Pandith Amaradeva – There’s a very strong music scene in Sri Lanka. It’s been heavily influenced by a lot of things over the centuries – Buddhism was one of the earliest and most major musical influences. The arrival of westerners brought some particular instruments, and of course, India and its films played a role. But all in all, Sri Lanka has a sound that’s all its own, and it has many fans. One name you have to know in Sri Lankan music is Pandith Amaradeva. Once people started making records, he’s one of the people who shaped the distinctive Sri Lankan sound that would be heard by the world. And he has the most velvety voice. Some Sri Lankans living abroad say they can’t hear him without feeling transported home: Click here.

Zebra, Nairobi National Park

Kalamashaka – I’m one of the only music fanatics I know who likes rap. Rap is music with the melody stripped out of it. It’s just voice and rhythm. It’s spoken word infused with rhyme, exaggerated emotion and a beat. People use it to communicate with power. To put force behind their words and to be heard. It gets a bad reputation sometimes because it speaks from and to the fire core of the personality. The words are wrenched from a visceral place. And so sometimes, other things that were locked in that Pandora’s Box come out – fantasies of violence, rage, misogyny, and destruction. None of that is a necessary part of rap. But it happens sometimes because rap explores the dark side of music – the side that isn’t pretty, but powerful. Rap really is proof of the raw force of music – the undeniable energy that all music taps into – even if you prefer something a little more comforting! Kalamashaka was one of the first really high quality rap groups to come out of Kenya. (In the world of rap, you’re considered high quality if you speak about rage, politics or social problems. You’re taken less seriously if your music is easy to dance to because that means your music is too “pretty” and not visceral enough.) Kalamashaka is a very well-respected socially conscious rap group from Nairobi, and is credited with helping make Swahili-rap a worldwide phenomenon. Kenya is now becoming a leader in the world of rap, and this is one of the songs that started it all: Click here.

Top photo: © Małgorzata Pakuła / / Monastery of St. Panteleimon, Macedonia

Second photo: Bernard Gagnon / Wikimedia Commons /   / Sigiriya Rock

Third photo: Sharon St. Joan / Zebra, Nairobi National Park 

Swinside Stone Circle, Lake District, England

By Elizabeth Doyle

Lady Isadora — Before Christianity swept across Europe, Europeans had a different religion.  It varied tremendously from region to region, and even village to village, but generally, it was polytheistic, involved seasonal celebrations, and magical practices. Christianity was a new, beautiful and light-filled religion, but its followers didn’t behave well during the sweep across Europe. People who wanted to hold onto their current religion were put to death. Under the Inquisition, even people who were suspected of remaining loyal to the old religions were put to death. But the old religions were subtly absorbed and remembered in both Europe and in countries where Europeans later moved (Australia, United States, Canada etc.) The Irish Goddess Brigid became the Christian Saint Brigid. The Winter Solstice holiday became Christmas.  Samhain became Halloween.  Beltaine became Easter.  And gradually, as religious tolerance has become an important value of western culture (Not fully realized, but definitely idealized) a small number of people out there returned to Europe’s older religious roots. This return shows up in music, as well. This is Lady Isadora, a pioneer in the genre of early European religious music. I’m sorry I can’t find a video of her performing live. This one has just a stationary photo with her song:  Click here.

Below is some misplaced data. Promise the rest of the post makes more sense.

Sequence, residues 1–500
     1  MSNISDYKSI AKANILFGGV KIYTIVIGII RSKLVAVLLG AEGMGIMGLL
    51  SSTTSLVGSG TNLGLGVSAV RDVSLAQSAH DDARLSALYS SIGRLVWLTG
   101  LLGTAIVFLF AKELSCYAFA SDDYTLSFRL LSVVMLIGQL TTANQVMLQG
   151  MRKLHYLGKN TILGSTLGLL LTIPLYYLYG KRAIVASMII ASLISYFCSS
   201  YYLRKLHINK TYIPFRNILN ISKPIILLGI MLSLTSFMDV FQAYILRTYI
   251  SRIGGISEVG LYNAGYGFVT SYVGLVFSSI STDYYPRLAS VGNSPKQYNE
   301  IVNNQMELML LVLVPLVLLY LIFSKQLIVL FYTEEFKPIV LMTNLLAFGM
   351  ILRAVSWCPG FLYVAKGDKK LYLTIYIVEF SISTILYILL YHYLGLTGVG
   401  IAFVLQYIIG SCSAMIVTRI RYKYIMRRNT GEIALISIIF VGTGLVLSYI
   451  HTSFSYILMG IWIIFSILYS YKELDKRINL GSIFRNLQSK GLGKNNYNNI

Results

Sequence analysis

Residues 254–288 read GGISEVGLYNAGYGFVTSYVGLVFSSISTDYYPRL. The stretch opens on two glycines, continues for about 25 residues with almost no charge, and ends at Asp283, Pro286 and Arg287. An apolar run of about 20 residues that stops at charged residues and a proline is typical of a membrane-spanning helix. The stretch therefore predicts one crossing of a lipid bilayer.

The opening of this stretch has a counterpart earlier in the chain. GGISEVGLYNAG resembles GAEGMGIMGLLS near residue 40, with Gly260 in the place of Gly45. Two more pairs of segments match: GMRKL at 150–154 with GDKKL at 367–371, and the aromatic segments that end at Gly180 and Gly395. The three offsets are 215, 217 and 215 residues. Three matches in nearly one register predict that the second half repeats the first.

Street in Bogota

Claudia Gomez – This singer always makes me feel like I’m in Colombia. And it’s a country I’ve never been to!  But it’s just the atmosphere of her music.  I can smell it, I can taste it; I’m sure I’m there, growing up with her in urban Medellin. She does sophisticated, original arrangements, based on the traditional sounds and folklore of her nation. Listening to her on the radio just transports you to a rainy street, full of children and the smells of cooking.  Her music has such a smooth sound, that it’s easy to underestimate the creativity that goes into it.  But the sounds are very complex. Apparently, she grew up in a very musical family because here she is singing with her mother; click here.

Jacques Brel

Jacques Brel – He was a Belgian who lived in both Belgium and France. He smoked four packs a day, rarely slept, and had something of an addiction to meeting new women.  (Sadly, he died very young from that lifestyle.)  But what I really like about him is that his songs (which he writes himself) have a common theme of being so very disappointed about life. There’s almost an anger in him when he sings, an unbearable frustration that life and the world are just not what he had hoped they were going to be.  Not what he believed they could be. As though he just can’t wait to get out of here.  I see him as an awkward man, not as handsome as he may wish, uncomfortable in front of crowds, yet he has something he wants to say to them.  Stories he wants to tell.  He really is an acquired taste, because the French music scene at the time (1950s and early 1960s) had a real cabaret feel that looks outdated to us now. But his songs can stand up to a very close listening, and the more you hear, the more you may appreciate this quirky artist. Click here.

Top photo: Swinside Stone Circle / Wikimedia Commons

Second photo: william.neuheisel   /  Wikimedia Commons  / Street in historic District of Bogota

Third photo: Wikmedia Commons /